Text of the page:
The Morningstar Portfolio Sustainability Scores and Morningstar Sustainability Ratings are new and it is anticipated that Morningstar will issue the scores and ratings monthly. The Fund's portfolio is actively managed and is subject to change, which may result in a different Morningstar Sustainability Score and Rating.

% Rank in Category is the fund's percentile rank for the specified time period relative to all funds that have the same Morningstar category. The highest (or most favorable) percentile rank is 1 and the lowest (or least favorable) percentile rank is 100. The top-performing fund in a category will always receive a rank of 1. Percentile ranks within categories are most useful in those categories that have a large number of funds.

 

Important Disclaimers and Disclosure

Performance data quoted represents past performance which is no guarantee of future results.

This publication should not be considered investment, legal, accounting, or tax advice or a representation that any investment or strategy is suitable or appropriate to a particular investor's circumstances or otherwise constitutes a personal recommendation to any investor. This material does not form an adequate basis for any investment decision by any reader and Saturna may not have taken any steps to ensure that the securities referred to in this publication are suitable for any particular investor. Saturna will not treat recipients as its customers by virtue of their reading or receiving the publication.

The information in this publication was obtained from sources Saturna believes to be reliable and accurate at the time of publication.

All material presented in this publication, unless specifically indicated otherwise, is under copyright to Saturna. No part of this publication may be altered in any way, copied, or distributed without the prior express written permission of Saturna.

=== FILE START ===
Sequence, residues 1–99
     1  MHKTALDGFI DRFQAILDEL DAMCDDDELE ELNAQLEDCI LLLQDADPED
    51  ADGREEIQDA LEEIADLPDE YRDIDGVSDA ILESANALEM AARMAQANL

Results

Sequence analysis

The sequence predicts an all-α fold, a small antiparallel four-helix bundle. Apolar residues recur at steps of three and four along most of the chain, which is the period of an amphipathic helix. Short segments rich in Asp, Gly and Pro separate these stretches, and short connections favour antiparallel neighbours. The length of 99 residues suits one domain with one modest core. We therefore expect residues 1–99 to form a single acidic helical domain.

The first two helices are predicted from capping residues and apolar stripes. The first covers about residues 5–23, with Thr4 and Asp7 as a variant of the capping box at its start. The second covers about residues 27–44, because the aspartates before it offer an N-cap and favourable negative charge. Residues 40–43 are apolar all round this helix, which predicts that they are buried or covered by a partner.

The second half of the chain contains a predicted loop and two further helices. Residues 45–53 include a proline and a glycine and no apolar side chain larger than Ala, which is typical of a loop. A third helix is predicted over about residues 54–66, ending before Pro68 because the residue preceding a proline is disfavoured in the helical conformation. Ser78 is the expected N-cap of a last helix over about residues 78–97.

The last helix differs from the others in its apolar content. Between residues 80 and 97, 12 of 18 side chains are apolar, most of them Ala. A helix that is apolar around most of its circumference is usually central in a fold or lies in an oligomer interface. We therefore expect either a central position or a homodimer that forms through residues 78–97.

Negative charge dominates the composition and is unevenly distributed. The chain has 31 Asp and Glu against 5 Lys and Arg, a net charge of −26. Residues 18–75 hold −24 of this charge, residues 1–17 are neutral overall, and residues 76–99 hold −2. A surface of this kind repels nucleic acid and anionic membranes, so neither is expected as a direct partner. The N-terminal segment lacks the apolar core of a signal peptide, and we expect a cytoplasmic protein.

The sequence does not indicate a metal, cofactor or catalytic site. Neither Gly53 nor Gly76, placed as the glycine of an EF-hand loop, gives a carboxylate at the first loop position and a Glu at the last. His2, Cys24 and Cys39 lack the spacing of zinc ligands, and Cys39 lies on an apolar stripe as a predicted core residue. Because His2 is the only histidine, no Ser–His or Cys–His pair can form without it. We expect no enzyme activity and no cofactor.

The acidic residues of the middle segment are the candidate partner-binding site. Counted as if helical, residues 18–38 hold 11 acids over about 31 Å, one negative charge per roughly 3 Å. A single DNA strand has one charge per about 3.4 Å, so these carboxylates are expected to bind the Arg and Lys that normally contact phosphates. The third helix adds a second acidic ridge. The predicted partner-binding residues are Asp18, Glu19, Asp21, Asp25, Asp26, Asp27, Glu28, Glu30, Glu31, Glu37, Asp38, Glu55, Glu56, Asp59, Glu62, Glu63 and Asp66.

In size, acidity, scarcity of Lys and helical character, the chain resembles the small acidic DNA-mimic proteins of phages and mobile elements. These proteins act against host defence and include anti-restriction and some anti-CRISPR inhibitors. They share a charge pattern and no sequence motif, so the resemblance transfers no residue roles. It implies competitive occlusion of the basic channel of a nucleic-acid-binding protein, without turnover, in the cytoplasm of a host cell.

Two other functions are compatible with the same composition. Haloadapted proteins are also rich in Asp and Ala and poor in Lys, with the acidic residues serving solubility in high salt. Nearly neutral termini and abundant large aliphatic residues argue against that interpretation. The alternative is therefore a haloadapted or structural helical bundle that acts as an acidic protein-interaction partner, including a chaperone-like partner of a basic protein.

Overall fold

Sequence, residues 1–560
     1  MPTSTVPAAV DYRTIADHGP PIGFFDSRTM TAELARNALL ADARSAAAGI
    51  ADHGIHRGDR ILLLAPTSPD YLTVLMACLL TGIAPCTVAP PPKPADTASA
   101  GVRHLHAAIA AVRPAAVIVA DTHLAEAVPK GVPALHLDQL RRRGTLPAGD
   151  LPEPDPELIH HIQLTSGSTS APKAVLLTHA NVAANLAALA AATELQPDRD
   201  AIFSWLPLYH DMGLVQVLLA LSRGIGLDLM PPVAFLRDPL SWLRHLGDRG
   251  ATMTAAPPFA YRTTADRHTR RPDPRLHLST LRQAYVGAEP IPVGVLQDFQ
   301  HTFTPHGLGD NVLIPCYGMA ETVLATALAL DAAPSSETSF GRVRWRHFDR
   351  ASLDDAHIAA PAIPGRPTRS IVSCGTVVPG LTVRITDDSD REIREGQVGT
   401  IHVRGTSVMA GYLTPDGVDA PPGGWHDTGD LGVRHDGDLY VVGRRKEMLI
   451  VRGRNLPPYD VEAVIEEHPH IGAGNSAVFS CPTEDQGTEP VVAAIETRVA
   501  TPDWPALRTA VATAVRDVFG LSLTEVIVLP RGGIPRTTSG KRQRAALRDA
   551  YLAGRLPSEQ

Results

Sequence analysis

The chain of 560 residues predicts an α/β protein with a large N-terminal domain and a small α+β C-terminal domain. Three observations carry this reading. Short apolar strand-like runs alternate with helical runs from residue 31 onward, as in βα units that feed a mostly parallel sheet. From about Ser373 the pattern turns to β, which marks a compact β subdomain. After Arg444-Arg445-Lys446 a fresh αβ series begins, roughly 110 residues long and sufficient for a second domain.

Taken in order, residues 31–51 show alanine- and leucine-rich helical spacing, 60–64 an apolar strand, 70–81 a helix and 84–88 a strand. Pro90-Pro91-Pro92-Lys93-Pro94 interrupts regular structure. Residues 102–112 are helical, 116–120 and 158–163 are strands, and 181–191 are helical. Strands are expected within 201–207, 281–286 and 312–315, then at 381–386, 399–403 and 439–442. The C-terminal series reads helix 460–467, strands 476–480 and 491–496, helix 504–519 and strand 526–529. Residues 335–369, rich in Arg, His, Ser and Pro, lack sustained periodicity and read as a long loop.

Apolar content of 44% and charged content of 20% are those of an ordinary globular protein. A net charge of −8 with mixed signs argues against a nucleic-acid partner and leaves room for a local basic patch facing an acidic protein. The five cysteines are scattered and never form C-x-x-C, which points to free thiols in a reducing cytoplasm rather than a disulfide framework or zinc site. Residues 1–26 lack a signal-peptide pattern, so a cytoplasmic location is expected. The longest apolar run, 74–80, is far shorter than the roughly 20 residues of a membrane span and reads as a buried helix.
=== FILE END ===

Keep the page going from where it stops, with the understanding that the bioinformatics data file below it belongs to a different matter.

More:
The MSCI EAFE Index is an international index focused on Europe, Australasia, and the Far East.

The Tokyo Stock Price Index is a capitalization-weighted index of all companies listed on the First Section of the Tokyo Stock Exchange.

The European Stoxx 50 Index is a European blue chip stock index representing the leading 50 supersector stocks from 12 eurozone countries.

The Dow Jones Industrial Average is a price-weighted index of 30 of the largest, most widely held US stocks.

Asset-weighted average debt to market capitalization: his ratio represents the average debt to market capitalization of the portfolio. It is calculated by taking the debt to market capitalization for each company (its debt divided by its market capitalization), then weighting these values (multiplying each by the company's percent share of total portfolio assets), then totaling the weighted values.

Effective maturity and modified duration are measures of a fund's sensitivity to changes in interest rates and the markets. A fund's effective maturity is a dollar-weighted average length of time until principal payments must be paid. Longer maturities typically indicate greater sensitivity to interest rate changes than shorter maturities. Modified duration differs from effective maturity in that it accounts for interest payments in addition to the length of time until principal payments must be paid. Longer durations tend to indicate greater sensitivity to interest rate changes than shorter durations. Call options and other security specific covenants may be used when calculating effective maturity and modified duration.

A Fund's 30-Day Yield, sometimes referred to as standardized yield, current yield, or SEC yield, is based on methods of computation prescribed in SEC Form N-1A. Calculated by dividing the net investment income per share during the preceding 30 days by the net asset value per share on the last day of the period, the 30-Day Yield provides an estimate of a Fund's investment income rate, but may not equal the actual income distribution rate.